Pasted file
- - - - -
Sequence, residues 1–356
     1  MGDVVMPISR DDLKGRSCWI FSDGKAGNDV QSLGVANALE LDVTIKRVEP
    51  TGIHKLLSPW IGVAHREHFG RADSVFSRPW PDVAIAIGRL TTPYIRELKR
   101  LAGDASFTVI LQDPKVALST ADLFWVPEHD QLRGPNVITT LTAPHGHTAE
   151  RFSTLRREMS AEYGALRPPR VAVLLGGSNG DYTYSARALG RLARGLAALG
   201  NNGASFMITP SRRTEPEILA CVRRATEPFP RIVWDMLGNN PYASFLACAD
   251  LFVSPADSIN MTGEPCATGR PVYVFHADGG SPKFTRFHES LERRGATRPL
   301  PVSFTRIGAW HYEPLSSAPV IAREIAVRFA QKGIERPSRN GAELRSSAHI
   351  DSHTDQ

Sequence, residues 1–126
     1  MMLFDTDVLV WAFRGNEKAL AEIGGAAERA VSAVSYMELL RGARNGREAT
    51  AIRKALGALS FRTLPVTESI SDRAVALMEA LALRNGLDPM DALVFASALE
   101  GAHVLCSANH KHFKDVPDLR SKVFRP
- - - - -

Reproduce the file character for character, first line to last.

Sequence, residues 1–356
     1  MGDVVMPISR DDLKGRSCWI FSDGKAGNDV QSLGVANALE LDVTIKRVEP
    51  TGIHKLLSPW IGVAHREHFG RADSVFSRPW PDVAIAIGRL TTPYIRELKR
   101  LAGDASFTVI LQDPKVALST ADLFWVPEHD QLRGPNVITT LTAPHGHTAE
   151  RFSTLRREMS AEYGALRPPR VAVLLGGSNG DYTYSARALG RLARGLAALG
   201  NNGASFMITP SRRTEPEILA CVRRATEPFP RIVWDMLGNN PYASFLACAD
   251  LFVSPADSIN MTGEPCATGR PVYVFHADGG SPKFTRFHES LERRGATRPL
   301  PVSFTRIGAW HYEPLSSAPV IAREIAVRFA QKGIERPSRN GAELRSSAHI
   351  DSHTDQ

Sequence, residues 1–126
     1  MMLFDTDVLV WAFRGNEKAL AEIGGAAERA VSAVSYMELL RGARNGREAT
    51  AIRKALGALS FRTLPVTESI SDRAVALMEA LALRNGLDPM DALVFASALE
   101  GAHVLCSANH KHFKDVPDLR SKVFRP